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Standardized Field Sobriety Testing HS 178 R5/13 23 of 24

DWI Detection and Standardized Field Sobriety Testing

March 2013 Edition

HS 178 R5/13 23 of 24

Definitions

BLOOD PRESSURE

The force exerted by blood on the walls of the arteries. Blood pressure changes continuously, as the heart cycles between contraction and expansion.

BRADYCARDIA

Abnormally slow heart rate; pulse rate below the normal range.

BRADYPNEA

Abnormally slow rate of breathing.

BRUXISM

Grinding the teeth. This behavior is often seen in person who are under the

influence of cocaine or other CNS Stimulants.

CANNABIS

This is the drug category that includes marijuana. Marijuana comes primarily from the leaves of certain species of Cannabis plants that grow readily all over the temperate zones of the earth. Hashish is another drug in this category, and is made from dried and pressed resin of a marijuana plant. The active ingredient in both Marijuana and Hashish is a chemical called delta-9 tetrahydrocannabinol, usually abbreviated THC.

This is the drug category that includes Mari

CARBOXY THC

A metabolite of THC (tetrahydrocannabinol).

CHEYNE-STOKES RESPIRATION

Abnormal pattern of breathing.Marked by breathlessness and deep, fast breathing.

CLUE -Something that leads to the solution of a problem.

CNS (Central Nervous System) A system within the body consisting of the brain, the brain stem, and the spinal cord.

CNS DEPRESSANTS

One of the seven drug categories.CNS Depressants include alcohol,

barbiturates, anti-anxiety tranquilizers, and numerous other drugs.

CNS STIMULANTS

One of the seven drug categories.CNS Stimulants include Cocaine, the

Amphetamines, Ritalin, Preludin, and numerous other drugs.

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CONJUNCTIVITIS

An inflammation of the mucous membrane that lines the inner surface of the eyelids caused by infection, allergy, or outside factors.May be bacterial or viral. Persons suffering from conjunctivitis may show symptoms in one eye only. This condition is commonly referred to as pink eye, a condition that could be mistaken for the bloodshot eyes produced by alcohol or Cannabis.

CONVERGENCE

The crossing of the eyes that occurs when a person is able to focus on a stimulus as it is pushed slowly toward the bridge of their nose. (See, also, Lack of Convergence.)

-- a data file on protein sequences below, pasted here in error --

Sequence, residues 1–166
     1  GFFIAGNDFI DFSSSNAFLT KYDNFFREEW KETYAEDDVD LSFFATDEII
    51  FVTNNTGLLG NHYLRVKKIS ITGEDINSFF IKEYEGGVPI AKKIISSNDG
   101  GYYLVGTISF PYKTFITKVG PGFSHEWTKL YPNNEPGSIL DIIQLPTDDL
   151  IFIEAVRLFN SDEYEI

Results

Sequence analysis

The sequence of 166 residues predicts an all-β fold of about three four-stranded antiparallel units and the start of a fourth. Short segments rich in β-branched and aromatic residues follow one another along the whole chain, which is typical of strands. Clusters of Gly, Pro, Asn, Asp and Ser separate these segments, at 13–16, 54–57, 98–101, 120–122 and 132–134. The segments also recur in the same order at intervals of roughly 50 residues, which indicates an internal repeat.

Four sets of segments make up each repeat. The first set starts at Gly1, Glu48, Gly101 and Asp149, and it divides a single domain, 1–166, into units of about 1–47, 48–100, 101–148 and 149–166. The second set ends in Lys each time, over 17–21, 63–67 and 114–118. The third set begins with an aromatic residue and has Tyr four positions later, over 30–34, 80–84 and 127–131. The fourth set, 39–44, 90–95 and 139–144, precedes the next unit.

CRACK/ROCK

Cocaine base, appears as a hard chunk form resembling pebbles or small rocks. It produces a very intense, but relatively short duration high.

CUE -A reminder or prompting as a signal to do something. A suggestion or a hint.

CURRICULUM VITAE

A written summary of a persons education, training, experience, noteworthy

achievements and other relevant information about a particular topic.

CYCLIC BEHAVIOR

A manifestation of impairment due to certain drugs, in which the suspect alternates between periods (or cycles) of intense agitation and relative calm. Cyclic behavior, for example, sometimes will be observed in persons under the influence of PCP.

DELIRIUM

A brief state characterized by incoherent excitement, confused speech,

restlessness, and possible hallucinations.

DENDRITE

The part of a neuron (nerve cell) that receives a neurotransmitter.

DIACETYL MORPHINE

The chemical name for Heroin.

DIASTOLIC

The lowest value of blood pressure. The blood pressure reaches its diastolic value when the heart is fully expanded, or relaxed (Diastole).

DIPLOPIA

Double vision.

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DISSOCIATIVE ANESTHETICS

One of the seven drug categories. Includes drugs that inhibits pain by cutting off or disassociating the brains perception of pain.PCP and its analogs are considered Dissociative Anesthetics.

DIVIDED ATTENTION

Concentrating on more than one thing at a time. The four psychophysical tests used by DREs require the suspect to divide attention.

DIVIDED ATTENTION TEST

A test which requires the subject to concentrate on both mental and physical tasks at the same time.

DOWNSIDE EFFECT

An effect that may occur when the body reacts to the presence of a drug by producing hormones or neurotransmitters to counteract the effects of the drug consumed.

DRUG

Any substance that, when taken into the human body, can impair the ability of the person to operate a vehicle safely.

DWI/DUI

The acronym DWI means driving while impaired and is synonymous with the acronym DUI, driving under the influence or other acronyms used to denote impaired driving.These terms refer to any and all offenses involving the operation of vehicles by persons under the influence of alcohol and/or other drugs.

DWI DETECTION PROCESS